Red Note Ensemble Shortlisted for Help Musicians UK Award for New Music Performers of the Year

February 26, 2017 in safnm2017 by mwhiteside

  1. You had a busy performing schedule in 2016 – what is it that is exciting about performing new music to an audience?

Haha! Exciting or alarming??! They’re emotions rather close to one another … well, there’s no safety net. No “this works if you do it this way” to fall back on. So even if you’re reasonably convinced in rehearsals that something is good and will work, until it’s up on its feet in front of an audience you actually have no idea. What’s most interesting is that often playing it safe is the most dangerous route – our audiences love the sense of not knowing what’s going to happen. They hate it when things start to get routine and, frankly, dull.

 

  1. Was there a particular performance that stands out for you?

This year? It’s been an amazing year full of doing crazy mad stuff and getting away with it, basically. The most special things for me were forming the Red Note Advanced Academy for the first time and doing a cracking gig under Concorde for the Lammermuir Festival with our players and a bunch of students from across Europe (and a brilliant, brilliant film for Workers Union by Eggbox), and also the really very wild and on-the-edge Freedom O(r) Speech performance in the Sound Festival with Simon Callow playing the part of Kagel’s Tribune to unhinged perfection. We took that programme to Europe and played Louis Andriessen’s de Staat to the composer himself on his home turf – he loved it. I think my abiding image of the year is actually seeing Louis stand up at the first vocal entry of de Staat, turn around to our sound engineer behind the desk, and give her a massive thumbs up and a huge grin. It’s nice to be able to give one’s personal heroes exactly what they want …!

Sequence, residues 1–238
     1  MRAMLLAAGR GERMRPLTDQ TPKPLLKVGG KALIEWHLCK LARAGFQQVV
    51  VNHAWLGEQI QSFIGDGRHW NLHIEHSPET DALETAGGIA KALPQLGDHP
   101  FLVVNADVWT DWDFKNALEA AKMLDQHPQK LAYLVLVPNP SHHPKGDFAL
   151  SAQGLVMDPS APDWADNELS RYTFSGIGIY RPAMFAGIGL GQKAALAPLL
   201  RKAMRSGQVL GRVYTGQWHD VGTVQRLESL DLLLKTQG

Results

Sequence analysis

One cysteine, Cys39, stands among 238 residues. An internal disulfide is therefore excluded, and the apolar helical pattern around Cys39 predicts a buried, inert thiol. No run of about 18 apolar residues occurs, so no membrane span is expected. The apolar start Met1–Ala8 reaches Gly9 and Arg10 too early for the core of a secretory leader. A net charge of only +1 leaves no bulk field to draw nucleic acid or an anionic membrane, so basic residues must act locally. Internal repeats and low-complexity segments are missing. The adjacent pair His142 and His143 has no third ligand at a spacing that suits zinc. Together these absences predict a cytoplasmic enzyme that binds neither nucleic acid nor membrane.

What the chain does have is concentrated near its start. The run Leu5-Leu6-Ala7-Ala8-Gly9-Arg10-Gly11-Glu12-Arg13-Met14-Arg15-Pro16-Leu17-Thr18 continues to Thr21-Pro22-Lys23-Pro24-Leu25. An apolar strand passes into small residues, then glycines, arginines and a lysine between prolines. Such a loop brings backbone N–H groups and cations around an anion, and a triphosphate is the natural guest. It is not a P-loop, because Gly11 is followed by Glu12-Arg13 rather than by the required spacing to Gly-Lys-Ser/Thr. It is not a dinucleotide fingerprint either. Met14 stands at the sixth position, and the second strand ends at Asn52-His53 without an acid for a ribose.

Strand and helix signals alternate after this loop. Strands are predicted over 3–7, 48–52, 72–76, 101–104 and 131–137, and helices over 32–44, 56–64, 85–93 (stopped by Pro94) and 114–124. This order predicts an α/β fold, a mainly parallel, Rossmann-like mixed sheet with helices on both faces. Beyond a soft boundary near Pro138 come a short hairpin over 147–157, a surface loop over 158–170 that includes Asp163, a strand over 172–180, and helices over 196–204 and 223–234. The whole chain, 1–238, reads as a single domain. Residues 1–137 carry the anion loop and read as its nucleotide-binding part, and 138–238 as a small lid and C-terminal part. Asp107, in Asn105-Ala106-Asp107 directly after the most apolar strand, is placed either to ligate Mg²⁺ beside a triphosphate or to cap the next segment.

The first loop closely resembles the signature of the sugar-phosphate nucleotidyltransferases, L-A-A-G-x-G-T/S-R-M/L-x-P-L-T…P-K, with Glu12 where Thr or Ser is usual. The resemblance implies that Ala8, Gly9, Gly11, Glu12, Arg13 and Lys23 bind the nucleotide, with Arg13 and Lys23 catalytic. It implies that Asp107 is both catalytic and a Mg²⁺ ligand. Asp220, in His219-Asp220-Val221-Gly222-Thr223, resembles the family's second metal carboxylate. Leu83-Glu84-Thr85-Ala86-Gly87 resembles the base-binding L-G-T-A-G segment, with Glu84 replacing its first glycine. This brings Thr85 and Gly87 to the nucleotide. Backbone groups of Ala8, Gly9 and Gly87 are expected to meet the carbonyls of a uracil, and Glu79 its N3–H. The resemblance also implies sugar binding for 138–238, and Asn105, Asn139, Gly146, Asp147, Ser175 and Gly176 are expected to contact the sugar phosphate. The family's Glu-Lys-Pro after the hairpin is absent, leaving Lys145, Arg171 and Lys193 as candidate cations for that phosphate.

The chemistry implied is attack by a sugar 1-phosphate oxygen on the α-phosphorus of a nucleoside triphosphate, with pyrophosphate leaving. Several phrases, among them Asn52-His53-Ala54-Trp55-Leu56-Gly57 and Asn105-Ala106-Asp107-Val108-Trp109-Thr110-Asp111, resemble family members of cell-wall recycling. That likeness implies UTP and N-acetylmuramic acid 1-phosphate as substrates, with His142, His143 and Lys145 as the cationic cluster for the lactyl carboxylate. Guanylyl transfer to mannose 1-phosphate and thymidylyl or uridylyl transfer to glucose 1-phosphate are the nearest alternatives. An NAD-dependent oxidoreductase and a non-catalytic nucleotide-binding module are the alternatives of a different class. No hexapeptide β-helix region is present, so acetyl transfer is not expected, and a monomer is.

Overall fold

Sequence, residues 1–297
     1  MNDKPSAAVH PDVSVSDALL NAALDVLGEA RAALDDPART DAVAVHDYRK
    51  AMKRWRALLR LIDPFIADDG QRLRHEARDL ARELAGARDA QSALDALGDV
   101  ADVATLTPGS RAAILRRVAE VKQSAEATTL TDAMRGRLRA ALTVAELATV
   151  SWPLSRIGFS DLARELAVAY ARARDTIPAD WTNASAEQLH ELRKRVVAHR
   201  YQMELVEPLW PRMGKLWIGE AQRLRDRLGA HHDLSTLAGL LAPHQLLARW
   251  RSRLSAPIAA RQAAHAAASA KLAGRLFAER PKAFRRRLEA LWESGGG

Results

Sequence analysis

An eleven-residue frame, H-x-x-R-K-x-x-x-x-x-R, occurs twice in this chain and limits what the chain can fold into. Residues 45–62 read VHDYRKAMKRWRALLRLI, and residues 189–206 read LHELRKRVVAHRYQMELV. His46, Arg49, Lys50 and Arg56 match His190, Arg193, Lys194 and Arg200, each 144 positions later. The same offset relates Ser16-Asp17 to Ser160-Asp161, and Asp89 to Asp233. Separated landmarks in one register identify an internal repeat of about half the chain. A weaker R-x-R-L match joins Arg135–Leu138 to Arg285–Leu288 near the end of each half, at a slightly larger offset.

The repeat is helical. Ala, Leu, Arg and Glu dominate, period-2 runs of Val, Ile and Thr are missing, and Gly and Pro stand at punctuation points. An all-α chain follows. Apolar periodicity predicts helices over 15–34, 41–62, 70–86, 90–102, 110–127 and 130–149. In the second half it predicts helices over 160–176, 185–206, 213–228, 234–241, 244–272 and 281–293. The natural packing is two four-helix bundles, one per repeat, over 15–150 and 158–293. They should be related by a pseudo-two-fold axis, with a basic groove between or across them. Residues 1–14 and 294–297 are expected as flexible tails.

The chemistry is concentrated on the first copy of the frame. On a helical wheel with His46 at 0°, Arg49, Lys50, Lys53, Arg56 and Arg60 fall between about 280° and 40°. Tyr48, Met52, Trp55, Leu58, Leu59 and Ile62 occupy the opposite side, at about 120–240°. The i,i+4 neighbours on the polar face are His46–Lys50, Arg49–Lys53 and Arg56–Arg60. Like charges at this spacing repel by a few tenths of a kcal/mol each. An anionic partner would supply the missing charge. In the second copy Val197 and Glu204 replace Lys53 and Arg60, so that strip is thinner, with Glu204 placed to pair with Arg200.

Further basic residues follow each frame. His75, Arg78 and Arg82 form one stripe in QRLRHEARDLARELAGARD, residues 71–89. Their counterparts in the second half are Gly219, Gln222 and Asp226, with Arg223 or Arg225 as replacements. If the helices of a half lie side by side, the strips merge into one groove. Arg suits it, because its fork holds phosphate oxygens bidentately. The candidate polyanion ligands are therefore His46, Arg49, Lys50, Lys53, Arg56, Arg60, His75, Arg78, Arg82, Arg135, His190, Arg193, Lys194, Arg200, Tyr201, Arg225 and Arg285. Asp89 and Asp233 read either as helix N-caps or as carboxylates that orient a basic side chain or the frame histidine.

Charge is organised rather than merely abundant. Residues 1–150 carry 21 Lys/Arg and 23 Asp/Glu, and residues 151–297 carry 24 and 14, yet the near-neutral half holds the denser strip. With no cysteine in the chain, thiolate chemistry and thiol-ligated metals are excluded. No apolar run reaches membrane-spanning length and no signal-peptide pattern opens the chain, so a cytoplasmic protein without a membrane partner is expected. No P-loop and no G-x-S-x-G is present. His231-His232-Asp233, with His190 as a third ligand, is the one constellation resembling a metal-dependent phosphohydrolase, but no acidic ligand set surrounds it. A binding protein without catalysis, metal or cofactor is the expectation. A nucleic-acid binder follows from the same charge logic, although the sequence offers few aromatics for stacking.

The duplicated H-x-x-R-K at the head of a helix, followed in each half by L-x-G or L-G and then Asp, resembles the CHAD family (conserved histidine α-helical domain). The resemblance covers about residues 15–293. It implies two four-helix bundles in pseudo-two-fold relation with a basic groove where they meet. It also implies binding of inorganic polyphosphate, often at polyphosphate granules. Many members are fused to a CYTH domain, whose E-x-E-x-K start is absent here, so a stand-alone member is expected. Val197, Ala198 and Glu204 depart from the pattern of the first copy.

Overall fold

1. Obviously each project is different, but in general, how do you approach performing music written by someone else?  Particularly if you’ve never met the composer…? 

Hmm. Meet the composer. If they’re dead, that’s hard to do without a decent seance, but luckily most of the people whose music we perform aren’t actually dead yet. Performing new music is a different thing to performing music by dead people; there’s normally a lot less freedom in interpretation, but similarly you get their creative input and they may bring insights that you haven’t had that make your performance far different to what you imagined before talking with them about it. Personally, I like interesting, new and creative things, and I dislike having to pay homage to a “canon” and a way of doing things. Received notions are the enemy of creativity, and the death of our dreams of a better way of things.

 

  1. What other projects do you have planned for 2017?

Tons of interesting stuff. Not telling! Big things, little things, weird things, complicated things, amazing things … just wait and see.

  1. If you could collaborate with any other performer in the world, ever, who would it be, and what would you perform?

I’m sure other people in the company would say other stuff to me. But I’ve always been transfixed by Jimi Hendrix and his ability to make beautiful/ugly music. God knows what we’d do. He’d probably hate me / us, but if we could occupy the same stage for a while we could maybe do something really intriguing. And noisy. Noisy is good. Sometimes.

 

  1. Concert halls and theatres are great places to perform as the facilities are all there for both the performer and the audience.  There are lots of other spaces that would be ideal for new music though…are there any of Scotland’s more unusual places that you would be keen to use for a performance?  Why?

I wouldn’t go quite as far as Boulez and say that All Opera Houses Should Be Burnt, but “proper” performance spaces are a mixed blessing as they are easily made as much places for the production of art as a means of excluding people who might otherwise want to see it. You have to work very, very hard to make concert halls and theatres in to inclusive public spaces rather than exclusive temples with walls to keep the undesirables and ill-informed out.

I’d like to see us working in much trickier public places like shopping centres, as well as produce more “sited” work that frames the event as an event as much as a performance on a stage – so anywhere spectacular, really. Top of Ben Nevis?

 

  1. Why do you think that it’s important to perform new music?

Because otherwise we only perform old music.

www.newmusicscotland.co.uk/awards2017